Modeling and mapping changes in tobacco outlet density
Initial Award Abstract
The tobacco industry’s primary venues for marketing cigarettes to current and future smokers are convenience stores, small grocery or “corner” stores, gas stations, liquor stores, supermarkets and pharmacies, all of which we refer to as tobacco outlets. Tobacco outlet density measures the concentration of outlets in a specified area that may be defined by census or other boundaries, such as the distance from a school.
Using zoning ordinances to limit alcohol outlet density in communities has reduced alcohol consumption and alcohol-related problems. There is considerable interest in replicating this strategy to benefit tobacco control. Unfortunately, the available evidence makes it difficult to determine whether restricting the number or location of tobacco outlets in a neighborhood is a plausible strategy to reduce smoking among individuals who live there. Cross-sectional studies confirm higher rates of current smoking among adults and adolescents who live in areas with higher tobacco outlet density than in areas with lower outlet density. However, no longitudinal study of these associations has yet been conducted.
An important obstacle to designing a longitudinal study is a lack of understanding about how tobacco outlet density changes over time. How are the concentration and composition of tobacco outlets changing in California? How are these changes associated with neighborhood demographics? Which neighborhoods face the greatest increases? The proposed research will answer these important questions.
The aims of this exploratory research are to model changes in tobacco outlet density in California’s urban areas and in high school neighborhoods, to relate these changes to neighborhood demographics, and to map “hotspots” with greater than expected outlet density. Urban areas are a focus of this research because the highest concentration of tobacco outlets are in neighborhoods with a higher proportion of racial/ethnic minorities and the tobacco industry’s marketing practices target these groups with ads and promotions, particularly for menthol cigarettes. School neighborhoods are a focus of this research because adolescents frequently visit tobacco outlets near school and school smoking prevalence is correlated positively with the density of tobacco outlets nearby.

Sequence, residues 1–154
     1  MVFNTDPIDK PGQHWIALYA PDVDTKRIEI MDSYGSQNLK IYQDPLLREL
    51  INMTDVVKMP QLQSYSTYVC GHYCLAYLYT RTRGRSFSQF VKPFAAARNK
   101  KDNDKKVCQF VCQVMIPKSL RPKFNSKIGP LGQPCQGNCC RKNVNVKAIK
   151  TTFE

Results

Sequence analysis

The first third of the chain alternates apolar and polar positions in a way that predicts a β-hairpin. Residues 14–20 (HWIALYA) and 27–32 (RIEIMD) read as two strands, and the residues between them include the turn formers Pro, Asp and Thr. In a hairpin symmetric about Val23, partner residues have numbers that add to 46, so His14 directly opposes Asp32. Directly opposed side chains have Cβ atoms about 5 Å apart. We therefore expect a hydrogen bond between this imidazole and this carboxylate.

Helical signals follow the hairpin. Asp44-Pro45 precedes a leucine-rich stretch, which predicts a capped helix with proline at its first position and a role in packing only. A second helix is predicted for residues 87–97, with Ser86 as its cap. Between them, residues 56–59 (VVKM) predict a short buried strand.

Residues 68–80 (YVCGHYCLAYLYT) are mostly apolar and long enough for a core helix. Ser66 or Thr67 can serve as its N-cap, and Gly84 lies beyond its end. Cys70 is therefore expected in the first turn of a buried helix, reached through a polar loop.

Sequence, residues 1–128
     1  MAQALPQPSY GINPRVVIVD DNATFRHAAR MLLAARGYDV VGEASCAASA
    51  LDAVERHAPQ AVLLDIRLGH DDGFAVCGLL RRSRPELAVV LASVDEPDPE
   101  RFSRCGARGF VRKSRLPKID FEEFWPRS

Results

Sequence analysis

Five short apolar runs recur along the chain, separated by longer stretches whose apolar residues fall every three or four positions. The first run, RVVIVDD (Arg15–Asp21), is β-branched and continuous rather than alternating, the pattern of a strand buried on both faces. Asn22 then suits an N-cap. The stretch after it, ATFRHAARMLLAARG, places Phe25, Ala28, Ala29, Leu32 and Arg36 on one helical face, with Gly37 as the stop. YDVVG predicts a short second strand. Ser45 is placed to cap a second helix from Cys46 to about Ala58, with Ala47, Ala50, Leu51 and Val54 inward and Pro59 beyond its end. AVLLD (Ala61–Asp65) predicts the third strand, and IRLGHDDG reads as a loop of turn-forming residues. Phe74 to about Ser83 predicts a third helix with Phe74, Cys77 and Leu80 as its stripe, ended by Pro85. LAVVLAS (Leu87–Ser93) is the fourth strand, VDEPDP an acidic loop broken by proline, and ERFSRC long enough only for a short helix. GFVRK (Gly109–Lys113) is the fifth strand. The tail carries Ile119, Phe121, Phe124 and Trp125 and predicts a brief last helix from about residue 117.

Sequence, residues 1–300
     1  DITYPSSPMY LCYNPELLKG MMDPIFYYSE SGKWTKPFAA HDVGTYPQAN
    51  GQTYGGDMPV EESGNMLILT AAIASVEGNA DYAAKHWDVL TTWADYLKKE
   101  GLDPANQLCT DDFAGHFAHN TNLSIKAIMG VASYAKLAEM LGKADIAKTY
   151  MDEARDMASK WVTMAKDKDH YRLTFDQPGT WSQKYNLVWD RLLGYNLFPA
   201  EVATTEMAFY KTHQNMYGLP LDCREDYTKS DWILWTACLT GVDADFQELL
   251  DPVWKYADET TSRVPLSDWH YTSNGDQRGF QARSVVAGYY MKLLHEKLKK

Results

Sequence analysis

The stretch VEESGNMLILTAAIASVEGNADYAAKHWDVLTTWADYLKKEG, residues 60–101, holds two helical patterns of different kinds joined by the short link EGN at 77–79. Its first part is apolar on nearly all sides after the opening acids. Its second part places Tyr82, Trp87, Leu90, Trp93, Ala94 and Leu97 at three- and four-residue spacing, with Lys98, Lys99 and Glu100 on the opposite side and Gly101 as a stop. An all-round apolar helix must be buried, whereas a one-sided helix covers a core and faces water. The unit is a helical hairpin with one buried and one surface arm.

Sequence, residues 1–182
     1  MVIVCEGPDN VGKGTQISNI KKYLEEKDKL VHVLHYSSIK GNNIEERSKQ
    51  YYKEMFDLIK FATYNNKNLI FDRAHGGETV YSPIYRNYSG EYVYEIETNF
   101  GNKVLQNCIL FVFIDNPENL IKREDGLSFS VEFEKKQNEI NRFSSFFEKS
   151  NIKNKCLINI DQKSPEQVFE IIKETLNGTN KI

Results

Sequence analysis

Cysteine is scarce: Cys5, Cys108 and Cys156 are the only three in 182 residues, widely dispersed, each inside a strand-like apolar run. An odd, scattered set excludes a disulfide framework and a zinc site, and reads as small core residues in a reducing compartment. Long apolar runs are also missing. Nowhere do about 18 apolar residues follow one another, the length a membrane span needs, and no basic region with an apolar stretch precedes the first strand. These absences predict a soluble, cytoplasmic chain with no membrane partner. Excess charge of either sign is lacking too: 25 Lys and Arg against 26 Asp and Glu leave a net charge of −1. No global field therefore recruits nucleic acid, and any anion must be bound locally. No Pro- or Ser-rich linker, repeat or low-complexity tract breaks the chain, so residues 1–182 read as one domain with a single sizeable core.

Specifically, we propose to link annual licensing data for tobacco retailers from the state Board of Equalization (2005-2009) and the City of Los Angeles (2001-2008) with intercensus estimates of neighborhood demographics, such as race/ethnicity, proportion of residents under 18, immigrant concentration, and material deprivation. Multilevel modeling will predict change in outlet density over time and examine how the rate of change varies with neighborhood demographics. Licensing data from the City of Los Angeles span a longer time period, making it possible to test for a curvilinear relationship between time and outlet density in this subset of urban-area neighborhoods. This exploratory research would lay the foundation for a future California award application—a longitudinal study to examine whether decreases in tobacco outlet density predict decreases in smoking prevalence.
Although geospatial analyses are used increasingly to describe the complex relationships between environment and health, no previous study has used such tools to examine how tobacco outlet density changes over time. An innovative feature of the proposed research is mapping hotspots with greater than expected increases in tobacco outlet density given model-based predictions. These maps will identify for public health and policy planners which urban areas and high school neighborhoods may derive the greatest benefit from interventions, such as employing land use policy to control the number and location of tobacco outlets. Such policies are consistent with the state’s mission to limit and regulate the activities and influences of the tobacco industry and to create a social milieu and legal climate that make tobacco less desirable, less acceptable, and less accessible to Californians. |